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September 1957

La Psychanalyse d'aujourd'hui

AMA Arch NeurPsych. 1957;78(3):327-328. doi:10.1001/archneurpsyc.1957.02330390109016

This important summary of the present status of psychoanalysis originates from the Institute for Psychoanalysis of Paris, founded in 1953. Its purpose is stated to be "to transmit and continue the work of Freud." It consists of a series of essays by twenty-four different authors on various phases of psychoanalysis and its relation to education, medicine, neurobiology, and mental prophylaxis; its relationships to literature and linguistics are not discussed.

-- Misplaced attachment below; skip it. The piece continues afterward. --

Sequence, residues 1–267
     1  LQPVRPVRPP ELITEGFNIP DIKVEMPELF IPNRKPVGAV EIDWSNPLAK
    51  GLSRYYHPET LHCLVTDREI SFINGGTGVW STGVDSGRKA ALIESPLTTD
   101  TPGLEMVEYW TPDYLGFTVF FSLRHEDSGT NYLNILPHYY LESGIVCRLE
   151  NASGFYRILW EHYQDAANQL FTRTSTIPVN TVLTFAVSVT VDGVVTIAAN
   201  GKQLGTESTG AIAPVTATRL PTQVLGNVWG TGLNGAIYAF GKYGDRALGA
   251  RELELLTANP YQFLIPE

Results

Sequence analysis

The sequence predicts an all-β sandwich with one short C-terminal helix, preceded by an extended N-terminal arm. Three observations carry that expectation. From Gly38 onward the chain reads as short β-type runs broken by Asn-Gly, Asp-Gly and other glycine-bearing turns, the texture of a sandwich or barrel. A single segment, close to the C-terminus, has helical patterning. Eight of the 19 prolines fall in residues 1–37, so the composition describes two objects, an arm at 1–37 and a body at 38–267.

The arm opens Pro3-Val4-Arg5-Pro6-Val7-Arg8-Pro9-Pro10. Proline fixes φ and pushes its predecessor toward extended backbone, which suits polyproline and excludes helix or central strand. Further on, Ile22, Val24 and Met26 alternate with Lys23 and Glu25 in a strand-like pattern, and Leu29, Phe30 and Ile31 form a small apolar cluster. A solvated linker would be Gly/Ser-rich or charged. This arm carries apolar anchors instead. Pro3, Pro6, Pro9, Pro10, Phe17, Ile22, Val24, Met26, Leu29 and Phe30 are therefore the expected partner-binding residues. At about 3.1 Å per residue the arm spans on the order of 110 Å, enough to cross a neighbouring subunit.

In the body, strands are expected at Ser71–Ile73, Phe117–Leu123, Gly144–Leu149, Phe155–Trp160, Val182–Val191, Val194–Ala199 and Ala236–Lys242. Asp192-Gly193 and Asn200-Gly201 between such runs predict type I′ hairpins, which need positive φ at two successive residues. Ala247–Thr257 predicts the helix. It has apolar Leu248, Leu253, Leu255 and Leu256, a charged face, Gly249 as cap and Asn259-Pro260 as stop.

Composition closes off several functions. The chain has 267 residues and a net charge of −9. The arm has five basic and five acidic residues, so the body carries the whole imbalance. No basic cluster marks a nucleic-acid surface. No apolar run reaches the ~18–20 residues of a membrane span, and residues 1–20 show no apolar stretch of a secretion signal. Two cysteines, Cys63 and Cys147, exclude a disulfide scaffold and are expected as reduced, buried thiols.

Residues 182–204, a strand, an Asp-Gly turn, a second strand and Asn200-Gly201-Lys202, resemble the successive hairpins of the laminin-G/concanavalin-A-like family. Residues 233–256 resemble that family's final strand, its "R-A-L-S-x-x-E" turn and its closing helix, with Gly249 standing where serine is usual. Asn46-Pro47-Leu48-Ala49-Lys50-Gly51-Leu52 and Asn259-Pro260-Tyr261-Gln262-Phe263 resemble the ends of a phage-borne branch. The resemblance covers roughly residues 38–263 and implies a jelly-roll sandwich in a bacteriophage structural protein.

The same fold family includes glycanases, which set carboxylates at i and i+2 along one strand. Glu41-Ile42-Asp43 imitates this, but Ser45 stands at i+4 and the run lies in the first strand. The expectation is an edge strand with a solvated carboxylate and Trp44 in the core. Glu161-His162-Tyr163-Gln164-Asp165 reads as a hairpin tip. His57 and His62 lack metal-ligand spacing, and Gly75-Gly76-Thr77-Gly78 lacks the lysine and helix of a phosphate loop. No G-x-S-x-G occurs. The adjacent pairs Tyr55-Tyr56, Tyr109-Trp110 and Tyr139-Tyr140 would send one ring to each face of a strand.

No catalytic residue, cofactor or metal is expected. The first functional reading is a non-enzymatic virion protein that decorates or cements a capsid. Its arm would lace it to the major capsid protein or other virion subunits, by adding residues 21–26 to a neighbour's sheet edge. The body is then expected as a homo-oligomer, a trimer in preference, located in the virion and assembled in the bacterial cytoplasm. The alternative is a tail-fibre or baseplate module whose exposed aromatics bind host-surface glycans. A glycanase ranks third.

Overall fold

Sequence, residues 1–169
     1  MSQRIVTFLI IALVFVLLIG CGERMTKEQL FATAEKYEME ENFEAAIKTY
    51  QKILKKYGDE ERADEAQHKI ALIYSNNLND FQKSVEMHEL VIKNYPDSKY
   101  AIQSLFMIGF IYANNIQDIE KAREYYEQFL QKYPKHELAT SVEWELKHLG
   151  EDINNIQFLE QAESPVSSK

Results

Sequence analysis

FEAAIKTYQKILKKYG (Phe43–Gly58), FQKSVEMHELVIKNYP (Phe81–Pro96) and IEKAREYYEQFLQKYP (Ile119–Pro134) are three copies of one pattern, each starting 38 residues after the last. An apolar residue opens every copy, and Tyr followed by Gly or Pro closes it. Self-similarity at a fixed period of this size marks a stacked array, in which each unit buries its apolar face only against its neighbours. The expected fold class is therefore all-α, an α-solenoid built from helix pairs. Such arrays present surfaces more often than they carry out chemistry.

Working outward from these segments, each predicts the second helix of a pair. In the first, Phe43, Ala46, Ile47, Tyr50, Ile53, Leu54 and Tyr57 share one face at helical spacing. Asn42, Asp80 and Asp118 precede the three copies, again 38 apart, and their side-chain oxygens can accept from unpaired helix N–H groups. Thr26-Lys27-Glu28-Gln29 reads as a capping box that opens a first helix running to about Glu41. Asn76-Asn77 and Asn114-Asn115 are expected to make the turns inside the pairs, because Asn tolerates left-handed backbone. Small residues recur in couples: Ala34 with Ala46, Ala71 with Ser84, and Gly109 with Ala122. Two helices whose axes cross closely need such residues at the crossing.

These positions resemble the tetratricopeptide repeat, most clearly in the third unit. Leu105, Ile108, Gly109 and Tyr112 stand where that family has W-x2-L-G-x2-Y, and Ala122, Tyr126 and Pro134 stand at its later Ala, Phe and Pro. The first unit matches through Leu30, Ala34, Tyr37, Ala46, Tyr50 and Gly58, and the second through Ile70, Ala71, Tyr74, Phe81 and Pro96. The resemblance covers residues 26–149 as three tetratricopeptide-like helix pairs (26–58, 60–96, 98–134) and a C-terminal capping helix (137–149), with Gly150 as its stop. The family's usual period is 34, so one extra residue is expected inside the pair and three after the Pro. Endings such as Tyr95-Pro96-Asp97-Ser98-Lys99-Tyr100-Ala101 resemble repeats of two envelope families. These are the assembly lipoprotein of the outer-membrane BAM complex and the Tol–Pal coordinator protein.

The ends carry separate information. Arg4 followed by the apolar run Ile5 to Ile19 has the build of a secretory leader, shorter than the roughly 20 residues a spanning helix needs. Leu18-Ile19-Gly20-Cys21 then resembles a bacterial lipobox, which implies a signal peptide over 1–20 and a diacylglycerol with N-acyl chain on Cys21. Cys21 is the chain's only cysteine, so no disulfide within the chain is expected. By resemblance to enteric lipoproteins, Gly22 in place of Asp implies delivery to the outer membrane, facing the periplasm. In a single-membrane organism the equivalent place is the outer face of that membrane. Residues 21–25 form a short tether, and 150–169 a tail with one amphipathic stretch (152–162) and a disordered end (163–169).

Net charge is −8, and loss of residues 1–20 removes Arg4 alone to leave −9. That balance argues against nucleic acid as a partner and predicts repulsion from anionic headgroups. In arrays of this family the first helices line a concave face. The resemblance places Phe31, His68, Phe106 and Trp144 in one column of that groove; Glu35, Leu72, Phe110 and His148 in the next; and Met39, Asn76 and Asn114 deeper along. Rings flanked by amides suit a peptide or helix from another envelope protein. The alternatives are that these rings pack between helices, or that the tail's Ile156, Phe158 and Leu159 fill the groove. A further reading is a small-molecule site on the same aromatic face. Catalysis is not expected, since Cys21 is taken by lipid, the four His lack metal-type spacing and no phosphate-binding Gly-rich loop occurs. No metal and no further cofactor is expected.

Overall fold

As might be expected in a work of multiple authors, the chapters are not all equally good; some are largely collections of case histories, and others are careful and critical discussions. The authors range from Marie Bonaparte, who initiated the study of psychoanalysis in France, and S. Nacht, the director of the Institute, to others who are less well known. The best chapters are written by Nacht, who gives every indication of attempting to be candid and objective. These chapters could

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